Those who don’t blog often have a glamorized view of blogging. Companies send you stuff for free, you can make money from anywhere, you’re your own boss. Sounds like a dream job or side hustle, no?
The truth is that blogging is a LOT of work, and it can be way less glamorous than it seems. If you’re planning to start a blog, here’s a realistic look at both the good and bad things about blogging. If you’re a blogger yourself, maybe you can resonate with these things!
As context, I’m not a full-time blogger, but I spend just as much time blogging as I do on my day job (which is also blogging haha, but specifically being a freelance/hourly blog editor for a startup). I’ve begun making a steadier income from my blog, though it’s still not enough to cover my living expenses. This post will be written from my personal perspective—while these are pretty universal blogging experiences, keep in mind that others may have a different experience.
5 Things I Love About Blogging
1. Making friends from around the world
I’ve been blogging for over 10 years now, and over these years, I’ve made a friends from Idaho, Alabama, New York, California, Texas, England, Estonia, Greece, France, Malaysia—the list goes on. While I’m not regularly in touch with everyone (and a lot of people no longer blog), I’ve been able to have meaningful conversations and internet friendships with people I might’ve otherwise not met. I’ve even met a couple blogging pals in real life!
For those who have maintained an online presence, we’ve been able to follow each other’s journeys as we all grow up and older. I’ve watched several of my blogging friends go to college and graduate, complete a graduate degree, buy a house, or even have their first child.
Beyond having a friend, it’s also really nice to know someone who can empathize with all things blogging. You can not only complain about intellectual property thieves together (more on that later lol), but more importantly, support each other—from sharing advice to sharing each other’s articles.
2. Writing about things you care about
It’s really gratifying to be able to write a post on something you care about, and have people read and learn from it. A few posts I’m particularly proud of are:
7 Common Misconceptions About Sustainable Fashion
Why You Should Also Share Your “Slow” Runs on Strava
What to Do if an Airline Denies Your Compensation Claim
Wastetarianism: An Alternative to Veganism?
These all cover certain things I wish more people knew, or concepts I think should be popularized. I love having a platform to share those ideas and experiences, and having an audience for them.
I’m especially happy when people let me know that a post has helped them. An old friend of mine from elementary school (who I haven’t spoken to in 10+ years), recently messaged me and said she’d read my post on getting compensation from Norwegian Airlines. She’d followed all the steps I outlined, and ended up getting her canceled flight compensation (which was 600 euros!!). That message made my day—I was elated that I helped someone get 600 euros. That’s a big sum of money!
3. The creative side
I love the storytelling aspect of blogging, whether it’s written or visual. I’m excited to take an idea, brainstorm a post, and write it all out. It’s also fun to take photos, plan shoots, and edit shots.
Since I use Pinterest as a marketing tool, there’s also a big graphic design component to blogging. I try to create pins that are visually appealing and make you want to click on them. This can be lots of work, but also satisfying—I like experimenting with different fonts, layouts, and colors to create something that looks “aesthetic” (at least, in my opinion!).
4. Learning marketable skills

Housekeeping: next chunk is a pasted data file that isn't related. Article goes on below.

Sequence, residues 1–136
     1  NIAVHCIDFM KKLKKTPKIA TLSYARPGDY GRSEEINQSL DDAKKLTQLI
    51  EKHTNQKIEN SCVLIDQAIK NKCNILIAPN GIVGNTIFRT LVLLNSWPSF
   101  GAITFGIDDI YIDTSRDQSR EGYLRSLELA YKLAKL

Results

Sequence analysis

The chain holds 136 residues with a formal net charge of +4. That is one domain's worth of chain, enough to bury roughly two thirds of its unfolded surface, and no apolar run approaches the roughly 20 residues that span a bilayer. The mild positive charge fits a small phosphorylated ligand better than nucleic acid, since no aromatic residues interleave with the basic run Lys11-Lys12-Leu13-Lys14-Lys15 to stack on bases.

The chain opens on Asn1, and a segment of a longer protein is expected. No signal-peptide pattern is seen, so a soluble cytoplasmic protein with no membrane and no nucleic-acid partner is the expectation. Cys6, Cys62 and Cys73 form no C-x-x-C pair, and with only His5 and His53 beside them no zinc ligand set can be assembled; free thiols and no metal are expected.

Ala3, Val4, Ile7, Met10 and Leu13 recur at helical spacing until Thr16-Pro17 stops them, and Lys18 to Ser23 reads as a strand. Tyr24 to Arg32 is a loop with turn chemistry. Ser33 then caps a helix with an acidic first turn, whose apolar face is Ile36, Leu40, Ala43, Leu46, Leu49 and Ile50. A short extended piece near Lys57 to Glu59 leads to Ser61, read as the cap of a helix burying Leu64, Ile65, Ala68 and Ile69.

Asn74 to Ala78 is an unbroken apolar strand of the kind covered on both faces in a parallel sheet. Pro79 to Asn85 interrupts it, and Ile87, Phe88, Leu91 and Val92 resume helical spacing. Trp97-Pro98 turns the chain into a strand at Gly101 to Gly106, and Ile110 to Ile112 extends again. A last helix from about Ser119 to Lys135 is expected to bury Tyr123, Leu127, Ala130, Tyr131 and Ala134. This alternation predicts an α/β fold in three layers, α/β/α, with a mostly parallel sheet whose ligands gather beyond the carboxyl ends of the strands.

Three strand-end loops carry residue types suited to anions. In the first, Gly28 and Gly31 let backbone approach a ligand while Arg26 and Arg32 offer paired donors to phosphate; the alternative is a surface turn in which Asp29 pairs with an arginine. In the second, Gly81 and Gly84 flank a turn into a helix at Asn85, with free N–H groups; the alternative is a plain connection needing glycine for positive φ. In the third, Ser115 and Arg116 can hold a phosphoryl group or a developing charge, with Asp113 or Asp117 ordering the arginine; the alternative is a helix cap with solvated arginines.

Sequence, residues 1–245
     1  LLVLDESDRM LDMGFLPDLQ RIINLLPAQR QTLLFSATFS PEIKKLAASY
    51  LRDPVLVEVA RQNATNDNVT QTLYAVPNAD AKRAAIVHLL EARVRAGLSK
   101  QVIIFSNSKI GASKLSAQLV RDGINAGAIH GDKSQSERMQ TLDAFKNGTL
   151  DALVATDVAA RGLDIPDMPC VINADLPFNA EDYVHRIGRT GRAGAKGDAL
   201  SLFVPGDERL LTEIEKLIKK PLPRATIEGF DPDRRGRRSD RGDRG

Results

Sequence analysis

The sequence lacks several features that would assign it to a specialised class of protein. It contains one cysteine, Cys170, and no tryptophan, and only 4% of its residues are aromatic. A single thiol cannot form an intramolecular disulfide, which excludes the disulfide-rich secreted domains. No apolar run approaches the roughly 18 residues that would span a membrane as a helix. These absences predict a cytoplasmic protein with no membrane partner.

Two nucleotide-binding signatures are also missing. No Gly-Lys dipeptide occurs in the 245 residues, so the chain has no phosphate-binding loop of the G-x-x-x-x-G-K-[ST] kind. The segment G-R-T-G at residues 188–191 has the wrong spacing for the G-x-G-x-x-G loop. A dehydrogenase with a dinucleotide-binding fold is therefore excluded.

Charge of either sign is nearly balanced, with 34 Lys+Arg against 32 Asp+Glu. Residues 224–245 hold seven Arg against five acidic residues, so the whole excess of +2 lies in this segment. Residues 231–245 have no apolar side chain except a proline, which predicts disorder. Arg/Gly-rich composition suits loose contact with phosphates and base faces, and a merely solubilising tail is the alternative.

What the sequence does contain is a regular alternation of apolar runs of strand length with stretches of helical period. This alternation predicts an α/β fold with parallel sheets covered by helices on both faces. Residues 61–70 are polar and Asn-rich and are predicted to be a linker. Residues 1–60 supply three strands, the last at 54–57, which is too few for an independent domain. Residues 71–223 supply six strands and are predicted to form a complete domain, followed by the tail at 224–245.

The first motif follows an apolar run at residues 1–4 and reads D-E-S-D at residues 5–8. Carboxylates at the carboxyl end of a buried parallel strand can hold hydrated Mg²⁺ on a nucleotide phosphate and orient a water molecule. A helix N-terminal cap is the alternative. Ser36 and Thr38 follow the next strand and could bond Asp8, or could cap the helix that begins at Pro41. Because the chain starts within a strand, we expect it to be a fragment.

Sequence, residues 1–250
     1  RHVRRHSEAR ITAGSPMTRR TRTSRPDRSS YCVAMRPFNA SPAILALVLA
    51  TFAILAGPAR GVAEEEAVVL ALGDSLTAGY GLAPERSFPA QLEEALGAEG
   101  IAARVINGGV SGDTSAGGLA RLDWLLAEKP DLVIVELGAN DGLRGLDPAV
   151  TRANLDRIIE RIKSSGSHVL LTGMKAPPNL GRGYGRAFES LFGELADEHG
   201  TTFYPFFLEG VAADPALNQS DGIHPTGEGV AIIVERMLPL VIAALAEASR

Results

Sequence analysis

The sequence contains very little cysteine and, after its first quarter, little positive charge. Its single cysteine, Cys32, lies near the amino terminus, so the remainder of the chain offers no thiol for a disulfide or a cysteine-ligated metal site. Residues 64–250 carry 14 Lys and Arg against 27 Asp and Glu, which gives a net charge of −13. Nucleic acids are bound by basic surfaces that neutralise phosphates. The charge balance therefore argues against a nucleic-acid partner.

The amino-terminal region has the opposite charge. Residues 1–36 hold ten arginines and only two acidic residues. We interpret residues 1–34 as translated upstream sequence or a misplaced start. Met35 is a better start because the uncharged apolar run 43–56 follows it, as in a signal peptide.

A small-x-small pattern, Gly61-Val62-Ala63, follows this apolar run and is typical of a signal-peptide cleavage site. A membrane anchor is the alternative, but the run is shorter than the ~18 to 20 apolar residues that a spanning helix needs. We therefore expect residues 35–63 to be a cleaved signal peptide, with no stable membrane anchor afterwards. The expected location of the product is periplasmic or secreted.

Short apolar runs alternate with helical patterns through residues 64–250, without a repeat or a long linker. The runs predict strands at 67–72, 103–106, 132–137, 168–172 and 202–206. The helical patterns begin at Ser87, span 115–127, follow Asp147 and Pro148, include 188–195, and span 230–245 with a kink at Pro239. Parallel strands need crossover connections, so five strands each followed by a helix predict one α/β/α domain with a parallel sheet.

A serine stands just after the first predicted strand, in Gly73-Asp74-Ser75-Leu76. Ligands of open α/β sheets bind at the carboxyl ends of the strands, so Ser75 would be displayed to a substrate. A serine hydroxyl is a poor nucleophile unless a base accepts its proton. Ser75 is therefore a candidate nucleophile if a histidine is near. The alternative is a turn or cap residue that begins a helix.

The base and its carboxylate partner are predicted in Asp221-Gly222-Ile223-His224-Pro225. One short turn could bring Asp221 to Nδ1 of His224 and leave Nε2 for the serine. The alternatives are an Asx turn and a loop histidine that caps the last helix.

Blogging requires a lot of strategy. Whether it’s SEO (search engine optimization), Pinterest, or social media best practices, there’s so much to learn and implement. Luckily, these are all skills that are applicable to full-time corporate jobs, an independent business, or freelancing gigs.
For example, marketing departments will hire SEO Strategists, and their annual salary ranges from $60-70k. Companies will also employ Social Media Strategies, who earn an average of $50k per year. If an office job isn’t for you, I’ve also seen bloggers do SEO, Pinterest, and social media consulting on the side, or form a whole independent business just for that. Knowing these strategies and tools is a valuable skill that you can use in several contexts.
5. Passive income is pretty nice
Let me be clear: blogging is a heck of a lot of work, and the “passive income” requires tons of upfront effort. I spend an average of 5 hours on each post, oftentimes more—this includes researching, writing, editing photos, engaging on social media, and creating Pinterest graphics.
If a post brings in steady traffic once this is all done, there’s little work to do afterwards, beyond the occasional update and social media promotion. This is really nice for posts with affiliate links, as people will continue to click on those and make purchases, all while earning you income without extra effort.
5 Things I Hate About Blogging
Note: I don’t want this to read as a list of complaints, or as a rant. I just want to be honest about the more negative side of blogging. This section will be longer than the things I love about blogging, but not because I hate blogging overall—there’s just more to explain since people are less familiar with the less glamorous side of blogging.
1. You have to promote consumption to make money
People think that blogging means you don’t answer to anyone and are totally independent. The thing is, you’re even more dependent on others for income. As a blogger, your audience usually doesn’t pay you directly for your content, unless you have a Patreon. The way you make money is through ads, sponsorships, affiliate links, or selling your own products/services. To make money, people essentially have to buy things from you.
Promoting consumption is against my values, as I’m passionate about sustainability. Even worse, the most popular affiliate program is through Amazon, which is the antithesis of sustainability and the embodiment of capitalism.
There’s unfortunately no easy way around this issue. If you’re a smaller blogger, it’s difficult to make money by selling your own services (like consulting), as you haven’t established yourself yet. You’ll also get few sales from affiliate programs beyond Amazon since you get less traffic (and being such a retail giant, the little traffic you do get is more likely to shop there). If people are going to buy on Amazon anyways, you also might as well make money from an affiliate link, rather than losing out on that income entirely.
For these reasons, I still include affiliate links in posts, including Amazon links. But I do my best to include a disclaimer in each one, and provide alternative places to buy. I’ll usually say: “If you’re planning to buy on Amazon or directly from [company] anyways, I’d appreciate it if you used my affiliate link. If you can though, I want to encourage you to buy from small, local shops.” If I’m going to be featuring products or companies in my posts, I also like to encourage people to only buy if they actually need something.